[ fakt ]
See synonyms for: factfacts on Thesaurus.com

  1. that which actually exists or is the case; reality or truth: Your fears have no basis in fact.

  2. something known to exist or to have happened: Space travel is now a fact.

  1. a truth known by actual experience or observation; something known to be true: Scientists gather facts about plant growth.

  2. something said to be true or supposed to have happened: The facts given by the witness are highly questionable.

  3. Law.Often facts. an actual or alleged event or circumstance relevant to a case, as distinguished from the legal effect of that event or circumstance.: Compare question of fact, question of law.

  1. Usually facts. Slang. very true; I fully agree: “He’s the best freakin’ goalie in the whole NHL.” “Facts.”

Idioms about fact

  1. after the fact, Law. after the commission of a crime: an accessory after the fact.

  2. before the fact, Law. prior to the commission of a crime: an accessory before the fact.

  1. in fact, actually; really; indeed: In fact, it was a wonder that anyone survived.

Origin of fact

First recorded in 1530–40; from Latin factum “something done, deed,” noun use of neuter of factus “done,” past participle of facere “to do, make”; see also do1

Other words from fact

  • fact·ful, adjective

Words that may be confused with fact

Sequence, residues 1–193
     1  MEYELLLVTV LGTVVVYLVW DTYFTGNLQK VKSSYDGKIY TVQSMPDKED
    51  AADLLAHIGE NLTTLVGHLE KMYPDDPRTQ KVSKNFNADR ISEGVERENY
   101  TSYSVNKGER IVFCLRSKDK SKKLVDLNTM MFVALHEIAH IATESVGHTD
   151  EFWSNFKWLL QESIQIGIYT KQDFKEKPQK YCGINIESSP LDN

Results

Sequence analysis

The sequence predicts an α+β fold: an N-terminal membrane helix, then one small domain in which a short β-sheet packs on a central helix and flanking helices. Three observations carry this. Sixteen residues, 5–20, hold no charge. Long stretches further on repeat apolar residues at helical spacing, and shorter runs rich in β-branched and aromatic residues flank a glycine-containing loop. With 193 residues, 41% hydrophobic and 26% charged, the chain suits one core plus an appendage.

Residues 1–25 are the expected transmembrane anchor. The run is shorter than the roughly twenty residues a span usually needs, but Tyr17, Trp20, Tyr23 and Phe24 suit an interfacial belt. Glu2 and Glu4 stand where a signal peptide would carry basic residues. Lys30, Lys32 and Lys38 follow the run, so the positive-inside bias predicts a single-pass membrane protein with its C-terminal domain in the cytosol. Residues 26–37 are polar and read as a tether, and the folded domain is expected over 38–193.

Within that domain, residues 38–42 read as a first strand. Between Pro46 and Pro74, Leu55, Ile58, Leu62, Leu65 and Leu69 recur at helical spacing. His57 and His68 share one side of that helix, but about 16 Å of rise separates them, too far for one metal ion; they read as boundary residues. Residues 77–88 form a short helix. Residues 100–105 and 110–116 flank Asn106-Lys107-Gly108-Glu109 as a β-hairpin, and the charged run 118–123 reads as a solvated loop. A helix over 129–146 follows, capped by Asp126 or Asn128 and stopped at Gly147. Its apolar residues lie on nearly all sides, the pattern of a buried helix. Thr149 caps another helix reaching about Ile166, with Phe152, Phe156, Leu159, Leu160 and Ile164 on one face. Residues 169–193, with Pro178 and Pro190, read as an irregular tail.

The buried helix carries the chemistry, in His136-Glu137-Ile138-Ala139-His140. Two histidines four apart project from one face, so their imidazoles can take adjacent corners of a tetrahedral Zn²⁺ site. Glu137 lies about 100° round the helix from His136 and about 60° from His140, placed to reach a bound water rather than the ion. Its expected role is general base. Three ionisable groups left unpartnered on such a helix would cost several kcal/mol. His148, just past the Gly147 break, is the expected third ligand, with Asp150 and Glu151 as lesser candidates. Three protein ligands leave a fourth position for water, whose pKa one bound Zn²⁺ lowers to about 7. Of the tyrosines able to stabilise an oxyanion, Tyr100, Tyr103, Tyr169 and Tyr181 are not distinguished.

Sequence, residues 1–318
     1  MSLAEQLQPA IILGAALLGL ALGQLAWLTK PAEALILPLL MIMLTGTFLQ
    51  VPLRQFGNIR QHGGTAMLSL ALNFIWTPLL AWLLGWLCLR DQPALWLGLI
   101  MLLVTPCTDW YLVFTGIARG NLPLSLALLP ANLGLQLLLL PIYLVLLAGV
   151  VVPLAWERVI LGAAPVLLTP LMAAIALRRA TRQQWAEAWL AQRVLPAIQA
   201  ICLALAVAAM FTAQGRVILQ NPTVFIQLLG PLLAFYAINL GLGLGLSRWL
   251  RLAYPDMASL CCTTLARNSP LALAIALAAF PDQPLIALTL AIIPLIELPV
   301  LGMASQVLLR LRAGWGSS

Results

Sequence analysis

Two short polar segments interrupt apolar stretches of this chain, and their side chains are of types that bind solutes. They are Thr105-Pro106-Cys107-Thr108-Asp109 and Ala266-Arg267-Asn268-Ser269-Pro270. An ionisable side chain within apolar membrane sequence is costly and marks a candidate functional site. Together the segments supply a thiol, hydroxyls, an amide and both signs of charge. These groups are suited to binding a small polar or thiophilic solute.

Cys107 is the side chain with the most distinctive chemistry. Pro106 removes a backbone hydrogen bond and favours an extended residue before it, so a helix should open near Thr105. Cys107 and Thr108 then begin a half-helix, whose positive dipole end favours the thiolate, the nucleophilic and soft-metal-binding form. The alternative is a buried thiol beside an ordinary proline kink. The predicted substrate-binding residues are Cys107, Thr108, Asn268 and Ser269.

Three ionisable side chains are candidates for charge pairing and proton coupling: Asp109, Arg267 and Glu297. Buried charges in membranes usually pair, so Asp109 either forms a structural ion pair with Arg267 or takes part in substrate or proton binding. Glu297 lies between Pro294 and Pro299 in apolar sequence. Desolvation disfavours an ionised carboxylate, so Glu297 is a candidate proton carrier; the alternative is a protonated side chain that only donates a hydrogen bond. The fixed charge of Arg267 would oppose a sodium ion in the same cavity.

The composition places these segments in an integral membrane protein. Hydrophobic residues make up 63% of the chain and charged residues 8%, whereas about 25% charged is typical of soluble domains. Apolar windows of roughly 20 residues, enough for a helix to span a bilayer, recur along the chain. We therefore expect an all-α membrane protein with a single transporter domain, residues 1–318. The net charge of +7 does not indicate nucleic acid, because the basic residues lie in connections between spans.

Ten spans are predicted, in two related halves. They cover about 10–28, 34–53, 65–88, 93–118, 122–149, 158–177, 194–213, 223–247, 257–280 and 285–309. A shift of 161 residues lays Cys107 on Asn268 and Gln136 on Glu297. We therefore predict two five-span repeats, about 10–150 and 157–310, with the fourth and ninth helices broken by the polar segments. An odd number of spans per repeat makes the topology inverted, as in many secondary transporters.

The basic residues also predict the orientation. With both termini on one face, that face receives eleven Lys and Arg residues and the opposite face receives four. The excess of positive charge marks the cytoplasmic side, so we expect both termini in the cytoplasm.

Dictionary.com Unabridged Based on the Random House Unabridged Dictionary, © Random House, Inc. 2023

How to use fact in a sentence

British Dictionary definitions for fact


/ (fækt) /

  1. an event or thing known to have happened or existed

  2. a truth verifiable from experience or observation

  1. a piece of information: get me all the facts of this case

  2. law (often plural) an actual event, happening, etc, as distinguished from its legal consequences. Questions of fact are decided by the jury, questions of law by the court or judge

  3. philosophy a proposition that may be either true or false, as contrasted with an evaluative statement

  4. after the fact criminal law after the commission of the offence: an accessory after the fact

  5. before the fact criminal law before the commission of the offence

  6. as a matter of fact, in fact or in point of fact in reality or actuality

  7. fact of life an inescapable truth, esp an unpleasant one

  8. the fact of the matter the truth

Origin of fact

C16: from Latin factum something done, from factus made, from facere to make

Derived forms of fact

  • factful, adjective

Collins English Dictionary - Complete & Unabridged 2012 Digital Edition © William Collins Sons & Co. Ltd. 1979, 1986 © HarperCollins Publishers 1998, 2000, 2003, 2005, 2006, 2007, 2009, 2012

Other Idioms and Phrases with fact


In addition to the idiom beginning with fact

  • facts of life

also see:

  • after the fact
  • in fact
  • is that a fact
  • matter of fact

The American Heritage® Idioms Dictionary Copyright © 2002, 2001, 1995 by Houghton Mifflin Harcourt Publishing Company. Published by Houghton Mifflin Harcourt Publishing Company.